The dangerous Bull shark

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The dangerous Bull shark

Postby Mike Brooks » Tue Nov 18, 2008 3:55 pm

There are 375 species of sharks and they all belong to a class of fish called Chondrichthyes. Only 30 species of sharks have been reported to ever attack a human.

According to the Florida Museum of Natural History, “The shark species responsible for most unprovoked attacks on humans are the white (Carcharodon carcharias), tiger (Galeocerdo cuvier), and bull (Carcharhinus leucas).”

Characteristics of the Bull Shark
The Bull Shark has small eyes, a short nose, husky grey body, off-white under belly, and a long tapered back fin. Its teeth are triangular and very sharp. It will eat almost anything but its favorite prey is other sharks, turtles, and dolphins. The female Bull Shark is bigger than the male. The female grows to 11.5 feet long and the males grow to 7 feet long.

Habitat of the Bull Shark
The Bull Shark is most commonly found in warm ocean waters near land. Unlike other sharks, it can also live in freshwater rivers, lakes, and in streams if they are deep enough for the shark to get through. Some Bull Sharks have been found in depths of 150 meters but it does not usually swim below 30 meters.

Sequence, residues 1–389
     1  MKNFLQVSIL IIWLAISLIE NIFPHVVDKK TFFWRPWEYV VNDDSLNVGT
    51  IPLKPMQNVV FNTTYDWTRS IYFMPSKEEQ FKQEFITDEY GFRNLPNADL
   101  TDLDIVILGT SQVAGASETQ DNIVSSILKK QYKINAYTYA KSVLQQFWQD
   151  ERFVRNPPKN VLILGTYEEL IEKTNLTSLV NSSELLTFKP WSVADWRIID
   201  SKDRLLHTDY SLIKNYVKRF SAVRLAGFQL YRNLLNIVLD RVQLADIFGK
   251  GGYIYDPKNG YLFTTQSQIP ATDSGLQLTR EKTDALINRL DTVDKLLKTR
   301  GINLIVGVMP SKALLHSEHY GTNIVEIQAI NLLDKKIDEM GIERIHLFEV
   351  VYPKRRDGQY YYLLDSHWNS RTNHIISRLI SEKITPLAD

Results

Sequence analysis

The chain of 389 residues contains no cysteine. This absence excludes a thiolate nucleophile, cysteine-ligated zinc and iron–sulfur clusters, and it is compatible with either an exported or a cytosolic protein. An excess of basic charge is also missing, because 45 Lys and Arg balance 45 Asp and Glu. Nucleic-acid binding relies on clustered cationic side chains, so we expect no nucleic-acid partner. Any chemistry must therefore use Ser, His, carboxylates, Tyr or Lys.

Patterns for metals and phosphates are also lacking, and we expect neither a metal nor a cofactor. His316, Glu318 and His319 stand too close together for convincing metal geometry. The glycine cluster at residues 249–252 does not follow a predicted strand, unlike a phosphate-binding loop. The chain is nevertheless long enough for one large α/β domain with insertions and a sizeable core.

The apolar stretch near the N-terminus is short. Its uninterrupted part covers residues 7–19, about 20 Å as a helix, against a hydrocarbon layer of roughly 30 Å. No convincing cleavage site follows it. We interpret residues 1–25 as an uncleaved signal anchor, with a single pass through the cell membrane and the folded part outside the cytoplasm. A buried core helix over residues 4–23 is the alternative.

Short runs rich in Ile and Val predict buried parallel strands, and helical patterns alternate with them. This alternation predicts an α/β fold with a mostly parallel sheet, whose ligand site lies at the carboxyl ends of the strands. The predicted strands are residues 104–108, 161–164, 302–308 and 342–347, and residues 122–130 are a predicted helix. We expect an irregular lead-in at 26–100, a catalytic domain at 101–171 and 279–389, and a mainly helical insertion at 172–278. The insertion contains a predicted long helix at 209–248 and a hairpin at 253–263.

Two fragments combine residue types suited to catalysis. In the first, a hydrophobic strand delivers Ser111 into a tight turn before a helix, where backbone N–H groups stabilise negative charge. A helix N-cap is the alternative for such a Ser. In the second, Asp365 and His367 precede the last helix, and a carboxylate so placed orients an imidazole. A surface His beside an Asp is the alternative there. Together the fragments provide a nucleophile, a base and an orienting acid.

It is estimated that there are more than 500 bull sharks in the Brisbane River, and greater numbers in the drainage ditches or canals of the Gold Coast in Queensland Australia. The Bull Shark has been reported 2200 miles up the Amazon River in South America. It has been found in the Mississippi River as far north as Illinois.

Even stranger, the Bull Shark has been found in cooler waters in Lake Michigan. After Hurricane Katrina, large numbers were found in Lake Ponchartrain. It has over taken many rivers in eastern India and survives quite well in Lake Nicaragua.

Scientists, up till the 1970s, thought that the Bull Sharks in Lake Nicaragua were of a separate species because it was thought that there was no way these fish could have entered the lake. It was discovered that these sharks were found jumping up the rapids just like salmon. The Bull Sharks that were tagged in the lake were caught later out in the ocean.

About Shark Attacks
According to Vinnie La Sorsa at All Explore,"Almost 95% of shark attacks happen in 6 feet of water or less. Attacks are almost always in areas where water clarity and visibility are poor. When water clarity is poor, sharks rely on their senses rather than eyesight. A shark’s mouth is its only way of feeling any object.”

An interesting fact about Bull Sharks is that when they are in fresh water, they will urinate 20 times the amount of a Bull Shark living in salt water.
Trust in the Lord with all your heart, and lean not into your own understanding, Proverbs 3:5
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Mike Brooks
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